There have been many recordings of the B minor sonata, perhaps most recently, together with the two 1943 sonatas, by Justine Cormack and Michael Houstoun. (see the list of earlier recordings in Peter Mechen’s review of 14 September 2011, of the recording by Elizabeth Holowell and Dean Sky-Lucas). The 1943 sonatas were first performed, respectively, by, Vivien Dixon (violin) and Anthea Harley Slack (piano), and Maurice Clare (violin) and Noel Newson (piano). The B minor sonata was written in 1950 for Frederick Page (pianist and head of the music department of Victoria University College) and violinist Ruth Pearl, after Lilburn had become a lecturer at the university; they premiered it at the university and then played it again three months later in Wigmore Hall in London.

As Sophie spoke, Claudia dispensed with her piano hands and reached for her violin, and her sister sat at the piano, which of course contributes much more than mere accompaniment to the work. To hear playing of such a finely integrated work by two sisters with years of experience playing together, was very interesting. The affinity between two who obviously enjoy a close musical rapport has developed over many years, to the point where they almost think and feel as one: with an intimately shared view of the character and shape of the music, and grasp of its melodic characteristics.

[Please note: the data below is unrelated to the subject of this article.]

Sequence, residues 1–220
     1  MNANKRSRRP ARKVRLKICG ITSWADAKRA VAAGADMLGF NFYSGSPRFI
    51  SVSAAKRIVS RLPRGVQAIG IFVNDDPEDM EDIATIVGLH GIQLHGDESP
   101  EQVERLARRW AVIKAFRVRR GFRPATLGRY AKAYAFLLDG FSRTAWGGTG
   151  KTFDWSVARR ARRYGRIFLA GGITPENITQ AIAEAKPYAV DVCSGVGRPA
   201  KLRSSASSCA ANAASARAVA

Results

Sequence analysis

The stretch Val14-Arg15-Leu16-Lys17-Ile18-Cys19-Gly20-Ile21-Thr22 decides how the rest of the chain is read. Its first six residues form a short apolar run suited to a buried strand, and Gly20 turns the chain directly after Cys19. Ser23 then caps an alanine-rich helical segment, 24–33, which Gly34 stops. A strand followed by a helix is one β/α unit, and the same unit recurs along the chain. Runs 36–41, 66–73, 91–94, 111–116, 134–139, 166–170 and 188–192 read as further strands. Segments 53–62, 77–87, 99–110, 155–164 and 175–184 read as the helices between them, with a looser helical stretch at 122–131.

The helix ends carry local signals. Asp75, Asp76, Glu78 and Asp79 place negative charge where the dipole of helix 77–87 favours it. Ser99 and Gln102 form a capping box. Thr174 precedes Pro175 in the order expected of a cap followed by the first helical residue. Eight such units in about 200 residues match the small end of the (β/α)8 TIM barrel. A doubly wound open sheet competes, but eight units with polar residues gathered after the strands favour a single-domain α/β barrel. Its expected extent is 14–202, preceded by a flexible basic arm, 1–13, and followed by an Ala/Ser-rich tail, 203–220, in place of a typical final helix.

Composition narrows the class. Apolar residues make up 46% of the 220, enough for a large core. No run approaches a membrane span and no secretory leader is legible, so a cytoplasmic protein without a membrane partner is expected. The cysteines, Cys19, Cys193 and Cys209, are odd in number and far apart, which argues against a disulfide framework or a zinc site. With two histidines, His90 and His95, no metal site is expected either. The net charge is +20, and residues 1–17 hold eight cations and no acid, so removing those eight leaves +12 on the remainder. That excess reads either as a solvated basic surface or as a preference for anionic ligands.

It’s in one movement, consisting of several contrasting phases, which are not distinct enough to be considered ‘movements’. For the record, the sections are marked: Molto moderato; Allegro; Tempo primo, largamente; Allegro; Allargando and Tempo I, tranquillamente; which returns the music to the home key of B minor.  The parts are conspicuous enough on the page, but the shifts in both tempo and tonality are so organically natural, and handled with such finesse that they clearly form parts of a carefully composed whole. Not only were the slow parts invested with a mature contemplative quality, but the Allegro sections were executed with strength and real conviction. The typical Lilburn spirit lies in the way the energetic B flat Allegro section subsides towards the end to return to the calm of the opening Molto moderato.